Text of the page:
I had been more or less awake for about 21 hours, but I was fairly confident I’d be able to get to the hotel I had booked using their shuttle. Come to find out, I called the hotel to find out they don’t do a shuttle but rather a taxi service, which works I guess, only thing was I’d be out an extra 10 pounds (about 16 bucks or so). Oh well.

Then I actually got to the hotel. The building looked cool from the outside but the room was total crap. Small, stuffy, constant airplane noise despite being five miles away from the airport. In fact I’m prolonging my stay here by continuing to type this, so since I hate this place I’m off to Croydon to check into a different hotel before I go sightseeing.

TL;DR version, I’m doing great and I’m ready to go explore London. See you all soon.

Dear Jesus, please delay your return so we can enjoy Sonic for awhile

I have not typed words on this blog in many months, but I am back today and there is no better occasion than a Sonic Drive-In opening in my local community for me to return.

I jokingly told a friend a few years ago that the Second Coming of Christ would take place before the Twin Cities of Lewis County gained a Sonic Drive-In. I now look like a fool, but that’s okay.

Sonic, an institution in places further east, only started making their presence known in the Pacific Northwest about a decade ago. On Monday, a brand-new one on a brand-new road in Chehalis opened to much fanfare and shouts of praise to God above (and a request for Jesus to delay said return so we can enjoy it for awhile).

Why is Sonic so popular? Make sure you nearly drown in a 44-ounce cherry limeade that you bought for half price between the hours of 2 and 4 p.m. and take multiple trips to the nearest restroom to rid yourself of all the liquid you imbibed in, then you will understand.

Sonic is an institution in places like Springfield, Missouri, where I called home off and on for four years. Where there were four in about a 5-mile radius of Springfield, there are four in a 100-mile radius here (Vancouver, Chehalis, Lacey, Tacoma). Now that Sonic has arrived in Chehalis, people have arrived in droves to see what it’s all about.

When I went there yesterday for the first time, there was a really tired guy directing traffic into two lanes. Pick the left to go to any one of about 20 stalls, or pick the right to go to the drive-thru. For some inane reason, most people opted to go to the right and wait for a long period of time — one friend told me he waited for 40 minutes — but I chose the left and promptly found a stall. I ordered a chili cheese coney dog and my food was delivered in five minutes. The Lincoln Navigator that entered the drive-thru behind me was about ten cars deep in line still in the drive-thru.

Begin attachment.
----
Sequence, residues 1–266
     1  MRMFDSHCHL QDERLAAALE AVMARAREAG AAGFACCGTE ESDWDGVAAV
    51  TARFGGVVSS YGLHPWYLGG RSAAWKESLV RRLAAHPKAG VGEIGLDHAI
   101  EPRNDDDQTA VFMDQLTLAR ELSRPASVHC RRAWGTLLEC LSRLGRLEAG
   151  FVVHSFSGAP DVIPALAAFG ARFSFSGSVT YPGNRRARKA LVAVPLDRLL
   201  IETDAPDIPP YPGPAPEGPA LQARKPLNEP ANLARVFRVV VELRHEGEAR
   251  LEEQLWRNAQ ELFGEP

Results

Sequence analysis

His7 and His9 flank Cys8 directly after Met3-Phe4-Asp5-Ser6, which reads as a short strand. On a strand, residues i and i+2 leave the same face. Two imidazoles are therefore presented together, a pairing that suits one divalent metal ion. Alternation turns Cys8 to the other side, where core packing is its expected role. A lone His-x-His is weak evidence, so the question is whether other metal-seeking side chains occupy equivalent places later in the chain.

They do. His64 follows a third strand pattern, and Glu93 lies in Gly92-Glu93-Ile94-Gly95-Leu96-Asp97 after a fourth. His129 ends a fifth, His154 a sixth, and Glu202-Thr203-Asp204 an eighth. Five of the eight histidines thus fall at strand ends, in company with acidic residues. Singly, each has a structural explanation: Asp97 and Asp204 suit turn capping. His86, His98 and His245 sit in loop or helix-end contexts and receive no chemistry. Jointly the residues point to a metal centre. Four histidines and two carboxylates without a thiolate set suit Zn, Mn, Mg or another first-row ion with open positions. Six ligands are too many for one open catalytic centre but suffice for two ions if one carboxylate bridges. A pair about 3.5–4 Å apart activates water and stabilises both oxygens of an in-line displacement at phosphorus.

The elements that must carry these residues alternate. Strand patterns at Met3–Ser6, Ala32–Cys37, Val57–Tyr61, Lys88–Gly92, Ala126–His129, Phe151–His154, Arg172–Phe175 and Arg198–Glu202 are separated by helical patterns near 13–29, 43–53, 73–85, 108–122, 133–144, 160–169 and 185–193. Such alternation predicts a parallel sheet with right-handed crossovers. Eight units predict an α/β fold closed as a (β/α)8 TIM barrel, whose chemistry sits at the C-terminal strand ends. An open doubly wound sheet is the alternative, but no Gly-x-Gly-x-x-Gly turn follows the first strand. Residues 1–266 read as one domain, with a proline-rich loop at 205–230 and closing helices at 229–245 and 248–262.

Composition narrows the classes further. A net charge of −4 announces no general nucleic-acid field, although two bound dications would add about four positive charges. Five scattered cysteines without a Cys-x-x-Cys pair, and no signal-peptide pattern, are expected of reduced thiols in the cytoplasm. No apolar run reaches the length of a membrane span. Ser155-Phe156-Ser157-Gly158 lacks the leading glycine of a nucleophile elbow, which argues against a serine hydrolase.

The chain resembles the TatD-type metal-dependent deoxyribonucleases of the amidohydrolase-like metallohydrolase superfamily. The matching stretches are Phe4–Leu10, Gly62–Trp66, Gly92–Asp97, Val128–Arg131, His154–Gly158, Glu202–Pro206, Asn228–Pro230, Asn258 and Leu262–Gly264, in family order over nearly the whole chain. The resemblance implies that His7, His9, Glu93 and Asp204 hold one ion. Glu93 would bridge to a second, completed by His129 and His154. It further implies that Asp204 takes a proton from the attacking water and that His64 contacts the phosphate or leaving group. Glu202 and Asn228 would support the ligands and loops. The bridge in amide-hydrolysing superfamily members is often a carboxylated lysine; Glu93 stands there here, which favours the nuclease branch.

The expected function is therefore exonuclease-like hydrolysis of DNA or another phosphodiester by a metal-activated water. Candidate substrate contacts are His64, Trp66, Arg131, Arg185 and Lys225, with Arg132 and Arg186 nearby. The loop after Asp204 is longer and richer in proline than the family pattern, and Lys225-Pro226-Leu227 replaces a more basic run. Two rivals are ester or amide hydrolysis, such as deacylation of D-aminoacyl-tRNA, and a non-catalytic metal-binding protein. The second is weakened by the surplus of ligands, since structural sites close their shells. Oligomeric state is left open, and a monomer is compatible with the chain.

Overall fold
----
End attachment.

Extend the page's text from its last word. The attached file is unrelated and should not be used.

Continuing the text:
I cannot stress enough to USE THE STALLS. Sonic hired 120 people (more on this in a second) and most of them will not have anything to do if you opt for the drive-thru. USE THE STALLS.

The food tastes just like the Sonic Drive-Ins I remember in the Midwest. This is a good thing. The hot dogs are smaller than I remember them. This is not a good thing.

If you USE THE STALLS, people deliver your food to you on roller skates. People 75 and over will be transported to the days of yore when people respected each other, and we had presidential candidates that acted in the best interests of the people. For those my age, it’s all about efficiency — rolling takes less energy than walking.

Visit Sonic enough times and you’ll experiment with some gnarly drink combos. Want a Coca-Cola with a bit of vanilla, chocolate and cherry? They can do it. Want a Powerade slush? They can do it. Want a ton of ice in your cup? That comes by default.

The food is good, the drinks flow like water from the rock, and the ice cream products will fatten us all up sufficiently.

I see it as a coming of age for our community. The fact that a company that still only has a few locations in Washington compared to its reach elsewhere, and a franchisee chose Chehalis, says something about the way people see our region as econommically viable.

I have heard from people who frown on Sonic’s arrival, as we have had many local establishments offering similar fare for years. Yes, we have places like Harold’s and Dairy Dan and Dairy Bar and they will still have a good customer base. Locals love ’em and I count myself there. Sonic is just a good addition to it. Plus they hired ONE HUNDRED TWENTY PEOPLE and are another conduit through which cash can flow into our community. I support local establishments, and I also support local people who work at regionally and nationally-known chain establishments that make a presence locally.